After failing to make investments for decades, Madison’s four, cash-strapped public golf courses have a whopping $34.7 million to $52.5 million in capital needs including clubhouses, green and bunker improvements, irrigation and stormwater capacity, a new city report says.
The courses also need a combined $3.4 million to replace old equipment from trap rakes to multiple types of mowers, the city Parks Division needs assessment says.
Investments in infrastructure is one of the “primary driving factors” in the future success of the city’s Golf Enterprise, it says.
The investments, which would be made over 20 years, would cover roughly 30 years of neglect and two decades of needs into the future, parks superintendent Eric Knepp said. Perhaps $12 million to $16 million in investment would be needed in the next five years, he said.
“All four courses do have some needs,” Knepp said. “There’s no getting off cheap and easy. It’s the price coming due.”
Some investment would produce more rounds of golf and revenues, including from facilities rentals, that would help repay borrowing, Knepp said. The city could also pursue private and other funds, he said.
The estimates, described as “very preliminary” and “very conservative” will be presented to the city’s Task Force on Municipal Golf in Madison Parks at 6 p.m. Wednesday.
Mayor Satya Rhodes-Conway created the task force last year to examine options from reducing the number of holes to closing whole courses, including whether to eventually close all four city courses and their combined 72 holes, and evaluating the best long-term purpose for the roughly 750 acres of city parkland used for golf courses.
The mayor took the action after the Parks Division informed her and City Council members in early May that the courses had lost a record $863,320 in 2018.
The task force is charged with making a report and recommendations to the council by May 1. It has six more scheduled meetings and intends a public engagement process before then, Knepp said. The city should remain in the business of golf, he said, with the big questions being how much and where.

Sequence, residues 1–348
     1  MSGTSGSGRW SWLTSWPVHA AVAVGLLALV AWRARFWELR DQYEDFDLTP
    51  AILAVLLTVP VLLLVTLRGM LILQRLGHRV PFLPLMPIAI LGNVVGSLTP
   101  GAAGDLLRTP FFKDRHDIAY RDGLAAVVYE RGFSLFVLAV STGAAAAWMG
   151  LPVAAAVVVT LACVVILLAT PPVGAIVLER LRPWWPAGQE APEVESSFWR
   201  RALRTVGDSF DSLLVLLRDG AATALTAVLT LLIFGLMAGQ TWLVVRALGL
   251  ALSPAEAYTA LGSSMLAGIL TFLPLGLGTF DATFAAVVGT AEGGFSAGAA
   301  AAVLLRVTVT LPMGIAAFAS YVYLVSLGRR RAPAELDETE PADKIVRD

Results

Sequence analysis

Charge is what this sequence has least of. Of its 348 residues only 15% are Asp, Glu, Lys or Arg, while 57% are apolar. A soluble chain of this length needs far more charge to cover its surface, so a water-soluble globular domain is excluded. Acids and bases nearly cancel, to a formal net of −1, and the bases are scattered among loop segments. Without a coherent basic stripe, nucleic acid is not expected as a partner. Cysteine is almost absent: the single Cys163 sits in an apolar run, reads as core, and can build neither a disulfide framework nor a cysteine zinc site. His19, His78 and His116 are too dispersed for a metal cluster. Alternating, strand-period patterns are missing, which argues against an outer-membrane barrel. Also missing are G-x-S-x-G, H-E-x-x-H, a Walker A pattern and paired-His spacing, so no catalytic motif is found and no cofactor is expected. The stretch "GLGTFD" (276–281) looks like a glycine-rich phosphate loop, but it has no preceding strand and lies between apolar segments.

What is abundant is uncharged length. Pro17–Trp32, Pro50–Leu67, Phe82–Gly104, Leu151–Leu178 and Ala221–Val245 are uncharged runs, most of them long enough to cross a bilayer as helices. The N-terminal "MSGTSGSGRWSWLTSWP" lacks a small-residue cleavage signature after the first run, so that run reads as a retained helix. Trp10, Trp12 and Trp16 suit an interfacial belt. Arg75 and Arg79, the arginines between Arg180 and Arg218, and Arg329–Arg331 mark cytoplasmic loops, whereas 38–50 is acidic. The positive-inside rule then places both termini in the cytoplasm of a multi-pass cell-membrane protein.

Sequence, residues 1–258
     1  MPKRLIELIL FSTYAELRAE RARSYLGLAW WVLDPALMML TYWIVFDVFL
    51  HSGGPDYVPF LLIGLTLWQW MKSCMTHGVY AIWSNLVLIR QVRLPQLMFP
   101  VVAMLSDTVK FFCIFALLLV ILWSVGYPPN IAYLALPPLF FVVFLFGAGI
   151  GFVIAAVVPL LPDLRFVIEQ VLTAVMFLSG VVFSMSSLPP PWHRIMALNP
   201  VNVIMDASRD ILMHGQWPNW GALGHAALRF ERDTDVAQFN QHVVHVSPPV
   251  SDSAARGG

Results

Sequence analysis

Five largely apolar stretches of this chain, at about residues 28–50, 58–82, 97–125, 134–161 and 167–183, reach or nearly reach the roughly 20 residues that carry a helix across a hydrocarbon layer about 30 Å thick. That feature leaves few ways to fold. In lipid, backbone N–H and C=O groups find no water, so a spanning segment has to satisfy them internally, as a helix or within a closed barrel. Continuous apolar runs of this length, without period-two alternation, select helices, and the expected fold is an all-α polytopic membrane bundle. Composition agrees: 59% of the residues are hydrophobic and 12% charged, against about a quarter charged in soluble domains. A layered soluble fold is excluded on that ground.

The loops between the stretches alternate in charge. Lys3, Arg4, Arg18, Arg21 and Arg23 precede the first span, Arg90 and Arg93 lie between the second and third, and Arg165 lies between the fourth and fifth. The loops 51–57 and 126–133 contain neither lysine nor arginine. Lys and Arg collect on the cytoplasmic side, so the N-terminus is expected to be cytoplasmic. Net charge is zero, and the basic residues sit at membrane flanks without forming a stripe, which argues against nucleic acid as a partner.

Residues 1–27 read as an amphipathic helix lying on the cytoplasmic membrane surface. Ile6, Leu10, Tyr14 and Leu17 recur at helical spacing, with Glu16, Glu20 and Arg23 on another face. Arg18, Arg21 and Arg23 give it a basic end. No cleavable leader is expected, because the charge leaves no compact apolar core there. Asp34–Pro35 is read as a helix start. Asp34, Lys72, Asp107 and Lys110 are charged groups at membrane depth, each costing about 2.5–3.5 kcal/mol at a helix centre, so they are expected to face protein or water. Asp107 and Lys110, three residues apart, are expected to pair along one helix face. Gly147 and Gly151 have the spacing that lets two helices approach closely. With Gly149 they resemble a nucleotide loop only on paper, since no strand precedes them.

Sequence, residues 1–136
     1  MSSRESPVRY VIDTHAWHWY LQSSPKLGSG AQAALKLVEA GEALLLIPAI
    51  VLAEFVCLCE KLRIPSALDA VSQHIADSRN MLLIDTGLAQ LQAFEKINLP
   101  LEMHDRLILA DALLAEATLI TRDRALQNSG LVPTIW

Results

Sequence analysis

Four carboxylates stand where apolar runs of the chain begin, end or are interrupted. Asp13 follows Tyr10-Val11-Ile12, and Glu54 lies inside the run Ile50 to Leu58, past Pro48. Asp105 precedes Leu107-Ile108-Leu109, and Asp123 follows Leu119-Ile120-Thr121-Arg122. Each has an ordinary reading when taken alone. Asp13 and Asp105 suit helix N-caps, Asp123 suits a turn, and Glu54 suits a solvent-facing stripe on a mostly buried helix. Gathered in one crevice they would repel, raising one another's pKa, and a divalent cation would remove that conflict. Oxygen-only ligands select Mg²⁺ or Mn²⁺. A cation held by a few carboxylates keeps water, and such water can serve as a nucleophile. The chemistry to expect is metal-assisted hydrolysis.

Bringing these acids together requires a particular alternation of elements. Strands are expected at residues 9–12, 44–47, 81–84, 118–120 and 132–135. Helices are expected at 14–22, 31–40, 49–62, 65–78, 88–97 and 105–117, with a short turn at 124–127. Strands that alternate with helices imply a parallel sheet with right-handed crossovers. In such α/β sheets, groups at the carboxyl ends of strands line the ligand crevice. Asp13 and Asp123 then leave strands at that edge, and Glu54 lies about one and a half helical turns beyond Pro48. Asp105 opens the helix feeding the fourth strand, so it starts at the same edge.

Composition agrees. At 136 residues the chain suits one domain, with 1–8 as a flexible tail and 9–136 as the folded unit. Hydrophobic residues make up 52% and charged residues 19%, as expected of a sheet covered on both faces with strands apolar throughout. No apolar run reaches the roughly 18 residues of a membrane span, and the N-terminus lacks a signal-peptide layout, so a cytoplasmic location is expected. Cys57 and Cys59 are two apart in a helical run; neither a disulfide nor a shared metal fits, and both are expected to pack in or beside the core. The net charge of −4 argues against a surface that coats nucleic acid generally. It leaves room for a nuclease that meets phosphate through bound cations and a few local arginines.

Rhodes-Conway and task force chairman William Barker could not be reached for comment.
The city’s four courses — Glenway on the Near West Side, Monona on the East Side, Odana Hills on the West Side, and Yahara Hills on the Southeast Side — currently host about 100,000 rounds of golf annually but have been experiencing financial difficulties for more than a decade. The courses have not shown two consecutive years of profit since 2001-02.
“I wish we had invested in the 1980s when we were making money,” Knepp said.
In 2018, severe flooding in the late summer caused damage and led to a drop in revenues, resulting in the net loss of $863,320 for the year, and total golf course liabilities exceeded assets for the first time in history.
The Golf Enterprise had been spending down its own cash reserves to cover deficits, but the city made a loan from its own unassigned cash reserve to cover the large shortfall in 2018, city finance director David Schmiedicke said.
Final numbers are not available, but the courses are expected to have lost between $450,000 and $550,000 in 2019, Knepp said. “It’s not as bad as the year before, but it’s not good,” he said, adding that the gap closed a bit in 2019 due to better weather. “We were open more.”
The city is beginning the process of closing its books for 2019 and should have a pre-audited financial performance report for the Golf Enterprise for last year by mid- to late-spring, Schmiedicke said.
Historically, the city’s Golf Enterprise has been structured and expected to support operating and capital budget needs through revenues and has not been part of the city’s Capital Improvement Plan that funds everything from city buildings to roads.
Aside from irrigation upgrades in 2000 and the Parks Division’s investment in Yahara’s clubhouse, the Golf Enterprise has failed to invest in capital infrastructure for multiple reasons, most recently a lack of funds within the program, the assessment says.
The failing infrastructure, including both course and building conditions as well as equipment, poses “an increasingly concerning problem” to the Golf Enterprise’s overall profitability because it has led to course closures, and increased operating expenses due to staff work to make short-term fixes, it says.
A “do-nothing approach” would likely mean continuing years of successive operating losses, Knepp said. “It’s going to continue to get worse.”
The courses have common and unique needs, the assessment says.
The biggest costs are at Yahara Hills, which has 36 holes, where the top concern is that the course can’t handle the amount of water it receives during large rain events, causing significant course closures, it says. Two pump houses are original to the course and more than 50 years old, and the irrigation system was last renovated 20 years ago.
The six priority improvements at the course would cost $21 million to $32 million, more than the estimated cost of improvements at the other three courses combined.
Among other things, all four courses need pump house improvements. Odana, Monona and Glenway need new clubhouses and parking lot improvements. Yahara Hills and Odana Hills need trees and cart path improvements, the assessment says.
If investments are to be made, a business evaluation that establishes an investment schedule would be needed to provide maximum benefit to the Golf Enterprise while limiting impact to service delivery, it says.